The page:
NZFarmer : December 16th 2009
7 Straight Furrow • December 15, 2009 NewsViews Letters to the editor Clearing the air on pig welfare DESPITE the attention on pig wel- fare over the past few months there is still confusion in both rural and urban circles about how pigs are farmed. To be fair there is a good reason for this. There are about 230 "commercial" pigfarms and around 1.4 million households in New Zealand, (one farm per 6000 house- holds). Given this scenario I thought it worth taking a couple of minutes to explain a few details. Pigs were first domesticated around 9000 years ago. I'm not sure whether it was the pork roast with crackle, the ham sammie, or bacon and eggs, but today it's number one, making up 40 per cent of the world's meat consump- tion. As demand for pork increased globally, commercial production emerged and with it came significant changes. Pigs headed indoors -- the reasons were obvious: environmental temperature is one of the most critical factors in pigs functioning and produc- tion. Domesticated pigs (unlike sheep and cattle) lack the insulation from thick coats to protect them and don't sweat, so they are susceptible to cold and heat. Pigs at different stages have quite different temperature require- ments e.g. suckling pigs, 27-35 deg C; weaners, 24-30 deg C; and growers and sows are able to perform at greater ranges e.g. 15-30 deg C. Housing offered protection from variable weather, predators and parasitic and enteric diseases, and assisted nutri- tional efficiency while minimising envi- ronmental impacts -- all good out- comes for animal welfare. While housing indoors was beneficial for the pig, the hierarchical behaviour of sows (female breeders) during preg- nancy became an issue. Sows are very hormonal (high progesterone levels) for the first four weeks of pregnancy and very aggressive. Dominant sows will bully others, even causing severe injuries and preventing some sows from getting adequate feed -- this results in lost pregnancies. The sow stall was developed to sepa- rate the sows, allowing protection and individual care during pregnancy. As a result, welfare and reproduction rates increased dramatically. In most countries exporting to New Zealand these stalls are used for full pregnancy but the New Zealand industry has committed to phase down to the mini- mum critical time -- the first four weeks of pregnancy. Another innovation was the develop- ment of the farrowing crate which pro- vides some separation of the sow and piglets during and following birth. Litters generally have 10 plus piglets. Sows are poor counters and careless with the way they throw their weight around. Thus the 150kg sow is notori- ous for squashing her 1.5kg piglets, and being an omnivore is not shy of s ffing the odd one that gets too close. The sow is also very aggressive during this time, and the enclosure helps piggery staff to assist the sow nd piglets without themselves being in danger. Sow stalls and farrowing crates dramatically increased the number of piglets sur viving in each litter. This allowed farmers to run fewer sows. Compared with the 1970s we have 40 per cent less sows producing the same amount of finishing pigs. With the industry's phasing down of sow stall use, on any given day in an indoor New Zealand piggery only two per cent of the pigs are likely to be sows in stalls and a further two per cent will be sows in farrowing crates. The New Zealand industry does have some unique characteristics -- the combination of a temperate climate and free draining soils allows some 40 per cent of our sow herd to be run out- doors, predominantly in Canterbury. However, very few pigs are finished outdoors: estimated less than one per cent. Given temperature and highly specific nutrition requirements and the focus on meat quality, following wean- ing the pigs are grown under protec- tion ranging from open ended barns through to fully climate controlled sheds. If you want to know more visit our new farming website www.pigfarminginnz.co.nz • Sam McIvor is chief executive of New Zealand Pork by Sam McIvor Hog Blog THE Response to Ray Lodge, Straight Fur row, December 8, 2009. I'd like to respond to Ray Lodge's question: 'What's wrong with our wool marketers?' His call for promotion of wool using its natural, sustainable and other fine attributes are valid. I'm pleased to say that there are pro- grammes underway that market the advantages wool has over its competi- tor synthetics, both initiated here in New Zealand (like our Just Shorn brand) and by other wool producers across the world. Ray's call to action reflects a distinct global trend of consumer demand for luxurious natural products. Even in these difficult economic conditions, there are substantial premiums paid for products that can be proven to be envi- ronmentally sustainable. Luxury carpets made from New Zealand wool have a very compelling marketing story. Brands that represent our wool must weave a tale of the fibre, nature and the environment. When exe- cuted well it is my belief that consumers who focus on quality will return to wool over synthetic. Key to any success however, is the need to educate end consumers and also those selling the carpet etc. The lack of attention paid at the consumer- retail interface has sadly let down wool across the globe. I firmly believe any strategy whose aim is to improve the selling price of wool and profitability for growers must have: • A strong brand that targeted con- sumers relate to, and that clearly com- municates the attributes of wool; • Include training for the sales force so that when asked they can answer consumers questions; • Robust proof of authenticity/ origin of the wool. Craig Wilson Elders New Zealand Wool promotions well underway RURAL DIARY A selection of events around the country. December 18 Carols by candlelight, Kuirua Park, Rotorua. 7pm. Free. www.rotoruaNZ.com/events December 18 Christmas in the Park, Hawke's Bay Showgrounds, Hastings. www.fiestaoflights.co.nz December 19 Canterbury Community Trust Lantern Celebration, Botanical Reserve, Milton Street, Nelson. 6:30pm. Free. www.nelsonfestival.co.nz December 26 Caroline Bay Carnival opens, Timaru. Includes New Year's Eve fireworks display. Contact email@example.com December 27 Waimate Rodeo, Waimate Showgrounds. Phone 03 689 6220. January 3-10 Paihia Summer Festival. Various family activities including competitions for the kids. Contact Anika, 09 407 5574 or visit www.paihia.co.nz/events January 9 Tairua Wine and Food Festival, Tairua School, Coromandel. www.tairua.school.nz • Send listings to firstname.lastname@example.org 0800 440 290 www.polarisindustries.co.nz *Offer ends 31/12/09 or while stocks last at authorised participating New Zealand Polaris dealers. Prices include GST. Not valid with any other offer. Fuel your little Outlaw's love of the ride Until X'mas, we're dramatically cutting the rideaway prices of our Outlaw youth ATVs. So fuel your child's love of the ride this Christmas with an Outlaw 50 or Outlaw 90. OUTLAW 50 $2,395* RIDE AWAY OUTLAW 90 $3,395* RIDE AWAY TANK VAC The Base Overflow system is recommended by the NZ Ministry of Health. Tank Vac was developed in association with Waikato University Engineers & Auckland University of Technology Microbiologists. NZ Pat 511142 and 542769 Through new supply contracts, we are able to offer the new much lower Summer Price $265 delivered Ph 0800 TANKVAC (0800 826582) USE THE HEAVY EARLY SUMMER DOWNPOURS AND THE SYSTEM DESIGNED BY SCIENTISTS AT WAIKATO UNI TO CLEAN THE SLUDGE FROM THE BASE OF YOUR WATER TANK. ENJOY CLEAR, RICHLY OXYGENATED WATER THROUGH THE SUMMER. NO ODOURS. EASILY FITTED BY A FARMER OR KIWI HANDYMAN.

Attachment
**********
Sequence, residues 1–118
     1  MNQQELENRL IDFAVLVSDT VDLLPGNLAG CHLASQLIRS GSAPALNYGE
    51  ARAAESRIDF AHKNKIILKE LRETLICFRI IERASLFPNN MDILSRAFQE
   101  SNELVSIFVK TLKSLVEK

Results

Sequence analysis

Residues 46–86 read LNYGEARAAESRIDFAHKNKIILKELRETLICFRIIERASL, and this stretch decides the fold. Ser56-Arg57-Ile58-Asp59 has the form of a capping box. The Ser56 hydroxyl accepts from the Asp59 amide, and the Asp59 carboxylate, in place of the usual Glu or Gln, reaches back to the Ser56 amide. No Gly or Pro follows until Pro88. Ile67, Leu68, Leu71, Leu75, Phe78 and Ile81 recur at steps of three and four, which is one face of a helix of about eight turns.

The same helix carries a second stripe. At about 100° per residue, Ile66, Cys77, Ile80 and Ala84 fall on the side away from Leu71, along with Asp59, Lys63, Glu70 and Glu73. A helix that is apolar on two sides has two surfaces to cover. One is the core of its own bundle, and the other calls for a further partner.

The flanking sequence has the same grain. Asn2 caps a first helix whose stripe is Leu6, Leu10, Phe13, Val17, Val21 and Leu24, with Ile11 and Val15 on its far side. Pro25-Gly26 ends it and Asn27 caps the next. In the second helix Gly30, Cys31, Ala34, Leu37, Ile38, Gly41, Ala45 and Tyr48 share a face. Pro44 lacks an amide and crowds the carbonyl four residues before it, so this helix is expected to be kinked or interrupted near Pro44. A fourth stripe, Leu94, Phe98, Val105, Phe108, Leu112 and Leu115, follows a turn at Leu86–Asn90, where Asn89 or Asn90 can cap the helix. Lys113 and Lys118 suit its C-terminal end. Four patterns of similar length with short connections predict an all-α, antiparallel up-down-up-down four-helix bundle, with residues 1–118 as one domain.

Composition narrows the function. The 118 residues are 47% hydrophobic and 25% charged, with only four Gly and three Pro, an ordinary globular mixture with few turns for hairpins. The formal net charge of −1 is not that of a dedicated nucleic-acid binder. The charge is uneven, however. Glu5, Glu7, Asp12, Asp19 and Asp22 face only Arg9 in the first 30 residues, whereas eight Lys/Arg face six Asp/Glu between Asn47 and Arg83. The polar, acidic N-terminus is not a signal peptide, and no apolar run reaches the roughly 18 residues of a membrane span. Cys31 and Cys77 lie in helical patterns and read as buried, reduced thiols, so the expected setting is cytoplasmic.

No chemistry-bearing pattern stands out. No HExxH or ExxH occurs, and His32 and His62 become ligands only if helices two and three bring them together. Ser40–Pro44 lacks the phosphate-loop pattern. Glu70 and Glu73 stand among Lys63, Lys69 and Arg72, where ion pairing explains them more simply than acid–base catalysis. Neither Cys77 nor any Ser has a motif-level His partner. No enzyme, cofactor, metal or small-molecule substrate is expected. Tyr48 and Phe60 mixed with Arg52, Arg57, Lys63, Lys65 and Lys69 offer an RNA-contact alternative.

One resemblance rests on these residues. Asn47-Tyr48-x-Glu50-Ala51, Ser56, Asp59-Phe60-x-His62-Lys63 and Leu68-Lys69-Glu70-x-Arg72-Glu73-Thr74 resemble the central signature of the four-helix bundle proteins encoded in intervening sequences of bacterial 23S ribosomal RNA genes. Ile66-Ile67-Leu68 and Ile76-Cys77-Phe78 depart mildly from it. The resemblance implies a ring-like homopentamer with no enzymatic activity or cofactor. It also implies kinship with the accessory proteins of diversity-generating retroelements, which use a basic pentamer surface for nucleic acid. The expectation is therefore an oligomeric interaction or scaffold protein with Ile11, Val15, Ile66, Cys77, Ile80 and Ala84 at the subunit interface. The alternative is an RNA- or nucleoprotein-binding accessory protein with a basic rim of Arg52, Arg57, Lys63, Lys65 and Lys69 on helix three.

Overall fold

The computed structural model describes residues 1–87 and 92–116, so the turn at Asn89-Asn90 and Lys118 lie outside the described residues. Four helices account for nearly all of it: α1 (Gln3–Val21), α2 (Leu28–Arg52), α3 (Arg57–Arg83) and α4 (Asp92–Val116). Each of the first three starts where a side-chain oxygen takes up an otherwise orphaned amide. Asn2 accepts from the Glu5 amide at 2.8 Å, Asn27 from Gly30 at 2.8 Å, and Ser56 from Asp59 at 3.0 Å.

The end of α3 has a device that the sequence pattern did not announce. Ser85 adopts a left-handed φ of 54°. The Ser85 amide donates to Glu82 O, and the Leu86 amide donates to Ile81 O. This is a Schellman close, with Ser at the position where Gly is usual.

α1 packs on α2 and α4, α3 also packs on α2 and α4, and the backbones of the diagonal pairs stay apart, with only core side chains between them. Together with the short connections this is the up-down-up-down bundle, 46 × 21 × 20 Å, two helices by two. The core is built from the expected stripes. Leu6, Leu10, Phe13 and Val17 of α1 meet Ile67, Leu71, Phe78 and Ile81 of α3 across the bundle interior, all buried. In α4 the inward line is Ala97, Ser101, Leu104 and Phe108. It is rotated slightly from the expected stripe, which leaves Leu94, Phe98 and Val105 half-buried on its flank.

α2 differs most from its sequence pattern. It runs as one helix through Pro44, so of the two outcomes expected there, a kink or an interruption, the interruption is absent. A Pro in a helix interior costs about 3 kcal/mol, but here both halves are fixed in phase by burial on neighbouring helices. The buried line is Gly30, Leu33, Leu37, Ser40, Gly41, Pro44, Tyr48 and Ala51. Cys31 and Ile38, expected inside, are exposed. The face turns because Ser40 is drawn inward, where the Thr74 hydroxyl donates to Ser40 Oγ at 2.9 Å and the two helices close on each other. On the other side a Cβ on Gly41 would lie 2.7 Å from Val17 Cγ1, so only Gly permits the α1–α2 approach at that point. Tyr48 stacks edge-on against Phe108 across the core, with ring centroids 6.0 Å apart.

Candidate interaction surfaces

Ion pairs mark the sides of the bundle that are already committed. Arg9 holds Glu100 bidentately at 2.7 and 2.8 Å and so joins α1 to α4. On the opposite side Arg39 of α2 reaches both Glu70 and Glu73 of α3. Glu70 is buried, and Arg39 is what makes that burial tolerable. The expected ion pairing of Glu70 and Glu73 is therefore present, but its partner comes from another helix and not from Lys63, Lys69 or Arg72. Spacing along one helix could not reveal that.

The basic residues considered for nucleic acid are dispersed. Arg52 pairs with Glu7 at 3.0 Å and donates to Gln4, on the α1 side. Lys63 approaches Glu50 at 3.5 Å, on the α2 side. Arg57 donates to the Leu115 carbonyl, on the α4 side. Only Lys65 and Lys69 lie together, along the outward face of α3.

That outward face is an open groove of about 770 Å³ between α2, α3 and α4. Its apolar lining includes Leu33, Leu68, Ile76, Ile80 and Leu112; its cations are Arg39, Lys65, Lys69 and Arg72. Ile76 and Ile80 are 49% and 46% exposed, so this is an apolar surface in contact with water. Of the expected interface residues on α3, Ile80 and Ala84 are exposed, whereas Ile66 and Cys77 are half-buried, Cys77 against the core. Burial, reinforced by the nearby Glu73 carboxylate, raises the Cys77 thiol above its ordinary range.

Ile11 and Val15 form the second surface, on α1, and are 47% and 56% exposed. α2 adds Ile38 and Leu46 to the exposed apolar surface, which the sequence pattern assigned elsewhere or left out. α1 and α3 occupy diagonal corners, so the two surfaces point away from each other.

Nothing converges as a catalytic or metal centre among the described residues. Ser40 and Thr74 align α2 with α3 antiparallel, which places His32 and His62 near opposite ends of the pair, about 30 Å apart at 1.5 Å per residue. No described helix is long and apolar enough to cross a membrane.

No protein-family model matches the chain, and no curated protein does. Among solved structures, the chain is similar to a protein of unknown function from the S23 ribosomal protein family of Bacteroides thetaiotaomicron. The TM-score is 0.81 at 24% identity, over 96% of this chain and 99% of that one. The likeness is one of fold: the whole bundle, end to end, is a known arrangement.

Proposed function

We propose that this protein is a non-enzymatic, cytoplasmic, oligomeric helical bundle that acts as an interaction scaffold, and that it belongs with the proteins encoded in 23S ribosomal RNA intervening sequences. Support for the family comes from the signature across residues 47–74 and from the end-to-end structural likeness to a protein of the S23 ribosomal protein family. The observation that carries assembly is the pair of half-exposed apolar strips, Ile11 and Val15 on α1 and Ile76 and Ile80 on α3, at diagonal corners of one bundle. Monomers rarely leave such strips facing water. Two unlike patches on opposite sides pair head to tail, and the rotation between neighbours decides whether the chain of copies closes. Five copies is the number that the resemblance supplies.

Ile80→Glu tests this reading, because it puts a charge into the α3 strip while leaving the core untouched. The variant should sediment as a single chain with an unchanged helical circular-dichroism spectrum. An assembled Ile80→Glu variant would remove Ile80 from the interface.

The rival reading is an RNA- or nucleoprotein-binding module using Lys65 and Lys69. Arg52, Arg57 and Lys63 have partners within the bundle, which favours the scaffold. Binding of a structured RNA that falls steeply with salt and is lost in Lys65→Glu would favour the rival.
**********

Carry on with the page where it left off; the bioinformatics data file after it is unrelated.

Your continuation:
December 9th 2009